So you’ve finished your doula training and you are now a Pre-Certified Doula. Congratulations!!! Oh, and one other thing: You are now a business owner too. Gulp.
If you were like me when I first started in the birth work field, that second part did not excite you as much as the first. In fact, that whole owning a business thing was downright scary. I remember the feeling of leaving my very first postpartum doula training so excited to get out there and support new families. But I was also completely unsure of how I was going to find my first clients. (And no, my very first postpartum doula training was not a ProDoula training. Thanks for asking.)
There are many important things you can do to get your business off the ground.
- Register with your state.
- Build a website.
- Design a logo and have business cards printed.
- Start blogging to help your website’s search engine results.
In fact, all of those things can be done behind the comfort of your computer screen. And if you’re feeling nice and comfortable with all of that, hold on because I’m about to pull that safety net out from underneath you with my next bit of advice.
You also have to get out there and start networking.
Yes. You will have to leave the safety and anonymity of your laptop and go out there and talk to real people – over the phone or face to face – in order to do this networking thing.
If that frightens you, check out my top three networking tips.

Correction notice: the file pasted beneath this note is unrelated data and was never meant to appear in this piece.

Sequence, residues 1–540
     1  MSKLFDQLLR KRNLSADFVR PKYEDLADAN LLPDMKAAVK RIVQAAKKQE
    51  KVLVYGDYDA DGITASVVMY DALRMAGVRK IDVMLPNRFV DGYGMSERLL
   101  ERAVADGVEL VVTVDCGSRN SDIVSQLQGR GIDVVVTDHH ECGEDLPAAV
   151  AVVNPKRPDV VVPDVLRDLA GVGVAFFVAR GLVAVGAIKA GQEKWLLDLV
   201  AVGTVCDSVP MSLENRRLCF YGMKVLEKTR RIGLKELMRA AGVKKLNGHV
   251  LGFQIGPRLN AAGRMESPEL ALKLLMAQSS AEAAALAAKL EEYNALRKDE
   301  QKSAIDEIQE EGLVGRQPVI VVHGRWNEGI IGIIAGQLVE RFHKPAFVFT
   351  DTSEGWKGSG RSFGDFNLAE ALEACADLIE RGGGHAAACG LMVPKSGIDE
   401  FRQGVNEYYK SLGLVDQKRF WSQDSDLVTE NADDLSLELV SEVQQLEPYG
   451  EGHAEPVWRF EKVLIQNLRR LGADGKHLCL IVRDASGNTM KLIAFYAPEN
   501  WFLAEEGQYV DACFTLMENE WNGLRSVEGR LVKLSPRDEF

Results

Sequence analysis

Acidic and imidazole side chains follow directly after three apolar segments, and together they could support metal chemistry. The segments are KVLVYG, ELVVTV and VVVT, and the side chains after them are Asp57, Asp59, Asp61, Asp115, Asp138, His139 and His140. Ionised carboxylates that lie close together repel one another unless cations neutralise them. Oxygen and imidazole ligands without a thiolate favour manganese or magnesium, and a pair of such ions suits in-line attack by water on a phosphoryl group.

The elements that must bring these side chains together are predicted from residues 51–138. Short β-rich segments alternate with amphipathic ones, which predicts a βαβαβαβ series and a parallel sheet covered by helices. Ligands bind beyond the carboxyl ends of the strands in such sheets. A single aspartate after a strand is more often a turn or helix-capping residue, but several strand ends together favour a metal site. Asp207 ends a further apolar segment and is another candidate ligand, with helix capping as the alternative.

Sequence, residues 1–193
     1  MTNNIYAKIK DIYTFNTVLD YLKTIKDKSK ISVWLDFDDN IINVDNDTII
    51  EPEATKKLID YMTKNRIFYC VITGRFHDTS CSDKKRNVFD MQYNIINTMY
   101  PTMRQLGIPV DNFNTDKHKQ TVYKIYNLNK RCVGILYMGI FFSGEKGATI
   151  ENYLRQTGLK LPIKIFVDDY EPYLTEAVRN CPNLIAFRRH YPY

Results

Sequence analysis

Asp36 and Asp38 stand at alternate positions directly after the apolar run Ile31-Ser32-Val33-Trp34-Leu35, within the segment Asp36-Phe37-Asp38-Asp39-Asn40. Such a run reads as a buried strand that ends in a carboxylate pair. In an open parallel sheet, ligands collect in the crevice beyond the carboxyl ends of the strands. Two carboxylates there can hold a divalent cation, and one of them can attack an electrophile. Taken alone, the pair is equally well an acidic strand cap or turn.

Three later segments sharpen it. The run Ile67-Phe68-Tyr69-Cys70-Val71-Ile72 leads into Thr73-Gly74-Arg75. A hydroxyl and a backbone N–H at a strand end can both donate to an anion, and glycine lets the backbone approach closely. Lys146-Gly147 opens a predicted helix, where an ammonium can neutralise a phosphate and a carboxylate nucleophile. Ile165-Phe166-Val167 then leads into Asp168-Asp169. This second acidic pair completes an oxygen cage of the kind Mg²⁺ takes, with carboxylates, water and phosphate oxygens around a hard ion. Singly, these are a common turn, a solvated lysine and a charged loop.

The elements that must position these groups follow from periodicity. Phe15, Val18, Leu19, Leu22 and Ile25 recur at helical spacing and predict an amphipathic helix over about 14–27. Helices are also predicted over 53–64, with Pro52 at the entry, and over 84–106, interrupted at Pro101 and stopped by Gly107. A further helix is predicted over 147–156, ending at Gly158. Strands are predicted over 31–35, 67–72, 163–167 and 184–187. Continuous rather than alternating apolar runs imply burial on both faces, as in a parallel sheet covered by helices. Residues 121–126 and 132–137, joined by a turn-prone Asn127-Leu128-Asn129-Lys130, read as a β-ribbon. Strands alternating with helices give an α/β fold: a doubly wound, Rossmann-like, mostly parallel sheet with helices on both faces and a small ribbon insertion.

1. Pick Up The Phone for Networking!
Talking over the phone is a lost art these days. But master the art of the phone call and you’ll be ahead of everyone else. If you’re looking to get your name out there with a certain lactation consultant, chiropractor, massage therapist, nutritionist, you name it, then the best thing you can do is pick up the phone and call their office.
It might sound scary, but you can do this!
Introduce yourself to these professional colleagues, let them know you are working as a doula in their area, and invite them out for coffee. If they’re too busy, they will let you know. But for the most part, many of these solo and smaller providers are happy to chat.
And don’t forget to bring a stack of those business cards when you meet up for coffee.
2. Networking Happens Every D.A.A.Y.
For some of the larger offices you want to network with, such as OBs and pediatricians, it is not always clear who to call from the website. In these situations, it’s best to drop by and introduce yourself in person. And when you do this, remember D.A.A.Y: Donuts Are Always a Yes!